Matteo’s behavior is also known as blame-shifting. It’s subtle and hard to see — but it’s right there, and tells you a lot about someone.
As Dr Nicola Davies explains, blame-shifting is one of the identifying behaviors of the victim personality. As Davies puts it, individuals who habitually indulge in self-victimization tend to manipulate, provoke, or abuse others verbally — sometimes even physically — and then blame the other person — i.e. the real victim.
2. They Are Passive-Aggressive
As Daniel K. Hall-Flavin, M.D. explains in Mayo Clinic, “Passive-aggressive behavior is a pattern of indirectly expressing negative feelings instead of openly addressing them. There’s a disconnect between what a passive-aggressive person says and what he or she does.”
For example, imagine you are the manager of a the new team in your company, and ask one of your direct reports to create a list with the birthdays of all the team members. You also tell them you need it by the end of the week.
This person agrees to create the list. But at the end of the week they don’t follow through. You ask them if they have the list, and they reply they were too busy to create it.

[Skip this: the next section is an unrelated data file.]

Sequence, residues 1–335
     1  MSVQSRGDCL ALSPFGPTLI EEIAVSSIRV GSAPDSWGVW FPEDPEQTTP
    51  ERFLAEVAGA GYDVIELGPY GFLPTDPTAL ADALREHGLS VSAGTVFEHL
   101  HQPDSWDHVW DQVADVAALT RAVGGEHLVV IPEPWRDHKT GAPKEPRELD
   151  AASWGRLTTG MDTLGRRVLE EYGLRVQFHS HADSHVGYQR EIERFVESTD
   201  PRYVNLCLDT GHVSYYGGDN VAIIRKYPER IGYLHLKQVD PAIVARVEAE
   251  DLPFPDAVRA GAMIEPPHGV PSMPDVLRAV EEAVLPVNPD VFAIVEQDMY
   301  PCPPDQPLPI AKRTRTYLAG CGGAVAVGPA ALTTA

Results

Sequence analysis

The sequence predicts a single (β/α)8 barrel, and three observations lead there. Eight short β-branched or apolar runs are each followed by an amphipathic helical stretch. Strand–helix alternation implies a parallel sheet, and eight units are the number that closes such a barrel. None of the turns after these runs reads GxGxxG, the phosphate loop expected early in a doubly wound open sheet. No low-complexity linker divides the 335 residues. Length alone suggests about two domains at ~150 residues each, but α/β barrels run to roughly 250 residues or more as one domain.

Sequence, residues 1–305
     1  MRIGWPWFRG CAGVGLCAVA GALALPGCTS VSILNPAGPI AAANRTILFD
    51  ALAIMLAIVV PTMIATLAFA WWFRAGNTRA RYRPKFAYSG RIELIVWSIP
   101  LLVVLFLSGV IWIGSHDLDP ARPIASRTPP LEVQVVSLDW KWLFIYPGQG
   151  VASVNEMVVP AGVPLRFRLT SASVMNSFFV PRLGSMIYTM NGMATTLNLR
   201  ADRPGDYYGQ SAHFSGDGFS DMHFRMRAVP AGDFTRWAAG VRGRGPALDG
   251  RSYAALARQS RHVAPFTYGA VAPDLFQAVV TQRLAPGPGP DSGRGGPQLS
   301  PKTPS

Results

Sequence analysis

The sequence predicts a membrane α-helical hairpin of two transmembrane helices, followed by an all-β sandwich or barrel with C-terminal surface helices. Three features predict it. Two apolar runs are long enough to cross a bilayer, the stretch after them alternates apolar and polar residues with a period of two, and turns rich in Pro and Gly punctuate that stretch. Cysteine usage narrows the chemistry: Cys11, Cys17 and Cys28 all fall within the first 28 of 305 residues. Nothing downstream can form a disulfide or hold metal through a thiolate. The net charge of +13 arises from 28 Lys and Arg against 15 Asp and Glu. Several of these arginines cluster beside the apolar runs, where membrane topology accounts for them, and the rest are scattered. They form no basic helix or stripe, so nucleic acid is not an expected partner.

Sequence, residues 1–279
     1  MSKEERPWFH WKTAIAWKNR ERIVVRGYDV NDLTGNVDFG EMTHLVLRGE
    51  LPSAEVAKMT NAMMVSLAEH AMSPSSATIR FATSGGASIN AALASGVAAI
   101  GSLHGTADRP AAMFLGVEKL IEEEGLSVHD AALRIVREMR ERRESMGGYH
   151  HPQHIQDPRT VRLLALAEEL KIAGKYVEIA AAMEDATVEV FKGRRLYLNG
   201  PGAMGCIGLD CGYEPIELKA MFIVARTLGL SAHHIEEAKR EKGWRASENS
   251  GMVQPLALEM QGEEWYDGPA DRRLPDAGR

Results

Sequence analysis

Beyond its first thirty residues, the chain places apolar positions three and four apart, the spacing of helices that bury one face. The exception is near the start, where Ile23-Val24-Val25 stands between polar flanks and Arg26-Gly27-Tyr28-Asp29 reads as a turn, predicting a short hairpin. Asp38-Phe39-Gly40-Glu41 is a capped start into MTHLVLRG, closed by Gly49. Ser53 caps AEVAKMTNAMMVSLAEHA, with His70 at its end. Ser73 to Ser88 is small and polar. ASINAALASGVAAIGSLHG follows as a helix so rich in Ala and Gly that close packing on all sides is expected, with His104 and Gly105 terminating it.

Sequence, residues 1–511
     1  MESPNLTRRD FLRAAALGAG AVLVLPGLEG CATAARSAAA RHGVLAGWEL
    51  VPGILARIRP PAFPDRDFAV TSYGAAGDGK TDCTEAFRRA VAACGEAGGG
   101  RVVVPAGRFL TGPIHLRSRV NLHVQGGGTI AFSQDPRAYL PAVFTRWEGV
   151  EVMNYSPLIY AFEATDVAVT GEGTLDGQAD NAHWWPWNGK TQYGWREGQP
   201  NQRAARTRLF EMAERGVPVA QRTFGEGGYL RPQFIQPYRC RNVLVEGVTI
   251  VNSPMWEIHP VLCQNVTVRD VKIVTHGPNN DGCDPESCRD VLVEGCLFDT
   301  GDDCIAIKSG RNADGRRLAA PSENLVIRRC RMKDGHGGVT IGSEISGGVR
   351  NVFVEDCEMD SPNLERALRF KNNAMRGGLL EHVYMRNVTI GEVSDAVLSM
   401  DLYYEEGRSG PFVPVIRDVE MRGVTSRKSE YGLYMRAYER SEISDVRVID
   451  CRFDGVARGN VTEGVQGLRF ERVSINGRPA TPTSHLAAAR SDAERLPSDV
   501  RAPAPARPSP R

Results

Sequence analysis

In this case, the employee expressed indirectly their negative feeling of overwhelm by not following through on a task — instead of assertively telling you they already had too many tasks to complete that week.
3. They Fake Interest
Let me give you an example.
I once decided to sign up to a new gym in my neighborhood, so I went there to ask for some information. There was a girl at the reception, and she was particularly friendly with me. She asked me my name, what my hobbies were, what my favorite sports were.